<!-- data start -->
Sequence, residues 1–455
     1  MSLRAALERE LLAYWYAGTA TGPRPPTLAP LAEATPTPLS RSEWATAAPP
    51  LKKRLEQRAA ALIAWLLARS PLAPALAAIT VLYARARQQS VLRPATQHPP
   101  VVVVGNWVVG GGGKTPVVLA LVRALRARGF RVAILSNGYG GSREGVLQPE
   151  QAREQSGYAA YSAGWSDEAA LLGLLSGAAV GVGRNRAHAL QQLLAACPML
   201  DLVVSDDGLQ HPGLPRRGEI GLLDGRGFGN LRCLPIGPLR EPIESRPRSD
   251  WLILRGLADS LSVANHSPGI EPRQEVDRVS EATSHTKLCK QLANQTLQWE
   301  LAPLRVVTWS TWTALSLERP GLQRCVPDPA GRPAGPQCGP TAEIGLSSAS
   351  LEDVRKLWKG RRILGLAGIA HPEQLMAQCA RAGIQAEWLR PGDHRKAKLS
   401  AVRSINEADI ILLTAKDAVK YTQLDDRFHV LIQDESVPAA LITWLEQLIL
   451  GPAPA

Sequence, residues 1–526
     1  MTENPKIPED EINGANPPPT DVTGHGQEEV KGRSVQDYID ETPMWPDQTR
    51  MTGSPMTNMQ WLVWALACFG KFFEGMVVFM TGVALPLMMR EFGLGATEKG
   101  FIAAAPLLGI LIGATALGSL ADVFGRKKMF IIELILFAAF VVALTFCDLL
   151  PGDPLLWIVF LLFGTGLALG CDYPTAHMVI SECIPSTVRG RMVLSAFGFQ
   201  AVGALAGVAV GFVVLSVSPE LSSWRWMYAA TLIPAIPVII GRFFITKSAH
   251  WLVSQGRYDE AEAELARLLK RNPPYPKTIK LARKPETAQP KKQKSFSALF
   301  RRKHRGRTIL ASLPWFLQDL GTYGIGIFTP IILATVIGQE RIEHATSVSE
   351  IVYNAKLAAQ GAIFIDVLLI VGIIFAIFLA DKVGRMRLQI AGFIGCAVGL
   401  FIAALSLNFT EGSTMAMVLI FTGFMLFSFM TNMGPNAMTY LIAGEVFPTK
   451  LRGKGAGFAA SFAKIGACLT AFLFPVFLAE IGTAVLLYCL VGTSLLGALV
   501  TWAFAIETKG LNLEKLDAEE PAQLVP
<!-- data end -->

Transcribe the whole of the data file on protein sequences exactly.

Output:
Sequence, residues 1–455
     1  MSLRAALERE LLAYWYAGTA TGPRPPTLAP LAEATPTPLS RSEWATAAPP
    51  LKKRLEQRAA ALIAWLLARS PLAPALAAIT VLYARARQQS VLRPATQHPP
   101  VVVVGNWVVG GGGKTPVVLA LVRALRARGF RVAILSNGYG GSREGVLQPE
   151  QAREQSGYAA YSAGWSDEAA LLGLLSGAAV GVGRNRAHAL QQLLAACPML
   201  DLVVSDDGLQ HPGLPRRGEI GLLDGRGFGN LRCLPIGPLR EPIESRPRSD
   251  WLILRGLADS LSVANHSPGI EPRQEVDRVS EATSHTKLCK QLANQTLQWE
   301  LAPLRVVTWS TWTALSLERP GLQRCVPDPA GRPAGPQCGP TAEIGLSSAS
   351  LEDVRKLWKG RRILGLAGIA HPEQLMAQCA RAGIQAEWLR PGDHRKAKLS
   401  AVRSINEADI ILLTAKDAVK YTQLDDRFHV LIQDESVPAA LITWLEQLIL
   451  GPAPA

Sequence, residues 1–526
     1  MTENPKIPED EINGANPPPT DVTGHGQEEV KGRSVQDYID ETPMWPDQTR
    51  MTGSPMTNMQ WLVWALACFG KFFEGMVVFM TGVALPLMMR EFGLGATEKG
   101  FIAAAPLLGI LIGATALGSL ADVFGRKKMF IIELILFAAF VVALTFCDLL
   151  PGDPLLWIVF LLFGTGLALG CDYPTAHMVI SECIPSTVRG RMVLSAFGFQ
   201  AVGALAGVAV GFVVLSVSPE LSSWRWMYAA TLIPAIPVII GRFFITKSAH
   251  WLVSQGRYDE AEAELARLLK RNPPYPKTIK LARKPETAQP KKQKSFSALF
   301  RRKHRGRTIL ASLPWFLQDL GTYGIGIFTP IILATVIGQE RIEHATSVSE
   351  IVYNAKLAAQ GAIFIDVLLI VGIIFAIFLA DKVGRMRLQI AGFIGCAVGL
   401  FIAALSLNFT EGSTMAMVLI FTGFMLFSFM TNMGPNAMTY LIAGEVFPTK
   451  LRGKGAGFAA SFAKIGACLT AFLFPVFLAE IGTAVLLYCL VGTSLLGALV
   501  TWAFAIETKG LNLEKLDAEE PAQLVP